Snooker | Jimmy White | Northern Ireland Open

    Just when you might be wondering if snooker’s Whirlwind might finally be all blown out, the evergreen ducker and diver from London town that is Jimmy White comes up with something to remind the faithful that there is life in the old Artful Dodger yet. And this time it was done with the help of his Tommy, taking a year out from work to come on the road with his much-loved dad.

    Now 60, White is in the second year of his latest two-season tour wildcard. These have been awarded for his services to the game, a sport where he still continues to put more bums on seats in exhibitions and increasingly rare appearances at the latter stages of ranking tournaments than many of today’s serial winners.

    The boy-ish enthusiasm for the game has never dimmed, and that in itself is remarkable. For a player of White’s rare abilities and talents, the fact that the ‘People’s Champion’ never won the big one – the World Championship at the Crucible – having lost six finals in Sheffield, would have seen lesser men eaten up by bitterness. But it was just not White’s way, or chosen path.


    Despite being endlessly asked about his ‘always the bridesmaid and never the bride’ tag, and regular nemesis Stephen Hendry, when he came to snooker’s greatest prize, he has somehow managed to retain his sense of humor and a passion that was there from schooldays that saw schoolteachers let him off lessons to hone his skills in a Tooting club.

    And the character and skills that earned him an often forgotten 10 ranking titles plus a Masters success were on full display in a stunning win over the highly-rated 22-year-old Chinese player Yuan Sijun on Thursday, as White knocked in a superb break of 132 in the decider for a 4-3 victory to clinch a place in the final stages of the Northern Ireland Open in Belfast in October.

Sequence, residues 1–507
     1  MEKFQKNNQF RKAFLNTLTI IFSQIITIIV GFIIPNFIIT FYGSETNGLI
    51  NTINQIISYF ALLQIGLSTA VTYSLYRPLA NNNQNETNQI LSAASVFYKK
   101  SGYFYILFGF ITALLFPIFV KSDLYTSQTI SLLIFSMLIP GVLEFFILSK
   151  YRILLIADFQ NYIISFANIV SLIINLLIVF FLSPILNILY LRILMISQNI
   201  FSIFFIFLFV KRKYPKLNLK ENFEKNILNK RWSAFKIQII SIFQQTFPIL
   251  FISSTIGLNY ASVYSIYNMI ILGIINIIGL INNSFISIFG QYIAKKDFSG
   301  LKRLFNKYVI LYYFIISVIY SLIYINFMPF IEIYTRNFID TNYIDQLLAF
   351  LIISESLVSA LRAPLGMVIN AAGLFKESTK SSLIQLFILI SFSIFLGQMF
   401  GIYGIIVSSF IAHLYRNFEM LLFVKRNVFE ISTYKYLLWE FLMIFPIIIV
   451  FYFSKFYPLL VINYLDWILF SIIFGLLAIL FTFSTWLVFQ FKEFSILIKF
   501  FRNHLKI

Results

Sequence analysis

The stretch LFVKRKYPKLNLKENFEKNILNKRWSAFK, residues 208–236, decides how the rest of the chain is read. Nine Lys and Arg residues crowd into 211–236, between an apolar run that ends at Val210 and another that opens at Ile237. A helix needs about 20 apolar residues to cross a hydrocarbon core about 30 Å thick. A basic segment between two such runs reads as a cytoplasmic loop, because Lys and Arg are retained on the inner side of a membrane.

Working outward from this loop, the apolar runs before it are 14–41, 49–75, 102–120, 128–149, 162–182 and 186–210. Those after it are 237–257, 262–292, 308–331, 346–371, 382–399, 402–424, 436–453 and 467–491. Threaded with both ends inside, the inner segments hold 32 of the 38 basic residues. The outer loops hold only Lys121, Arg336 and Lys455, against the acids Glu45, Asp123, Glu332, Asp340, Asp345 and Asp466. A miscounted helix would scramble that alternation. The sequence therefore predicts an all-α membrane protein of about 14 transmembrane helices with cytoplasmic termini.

That city also holds a special significance for White, the stomping ground of the late two-time world champion Alex Higgins – who passed on the ‘People’s Champion’ mantle to his great friend, and revolutionized the game both in terms of how many started to play it, and how it was viewed by the wider media as he put it on back and front pages with brilliance and off-table antics.

    White’s punditry duties with Eurosport will have to take a back seat at the Waterfront Hall as he is left to focus on at least one opponent in the tournament, in the event won by home hero Mark Allen last season.

    White said: β€œI have got my son Tommy working with me getting the balls out for me – and so instead of just doing an hour and a half practice, he is making me do my four hours. He has had a year off work and has decided to come with me on the tour until the World Championships next April.

    β€œWe go walking up on the Epsom Downs at home, it helps me get up and do that with him, but mainly to get on the practice table and do proper practice. And absolutely he has a go at me when I miss!

    β€œI played a good frame at the start and won that with a good clearance. But after that I didn’t really get a shot to go 3-1 down.

    β€œThen clearly to make that big century to win the match, I was absolutely delighted with that. When you are not getting any victories it becomes much harder to get over the line so hopefully I can move forward from there. I played Anthony Hamilton recently in the British Open qualifiers and didn’t play well at all. It is all about confidence this game, and if you start to win…players that win consistently under pressure are the ones that keep winning.

    β€œI have been going to the Waterfront in Belfast from back when the great, late Alex ‘Hurricane’ Higgins was still with us. I played many exhibitions against Alex there, plus tournaments, and I would say it is one of the top five venues that we play at. There is always a great atmosphere.

    β€œI was due to be going there anyway to work for Eurosport, so to win this match and be going to play in it as well, I am absolutely delighted.”

    Meanwhile the British Open first-round draw threw up an embarrassing tie as WPBSA board member Peter Lines was again paired with China’s Xiao Guodong. Leeds’ Lines, 52, was fined earlier this year over an incident at last season’s Northern Ireland Open qualifiers at which, after losing 4-3, he accused Guodong of cheating, and had to be removed by security after offering him outside for a fight .

    Surprisingly Lines kept his place on the board, but he was fined Β£2,500 plus a further Β£5,500 costs. The flashpoint occurred over an alleged ‘mis-placed balls’ incident during the match, from which Guodong was cleared of any blame.

    *18+ | BeGambleAware

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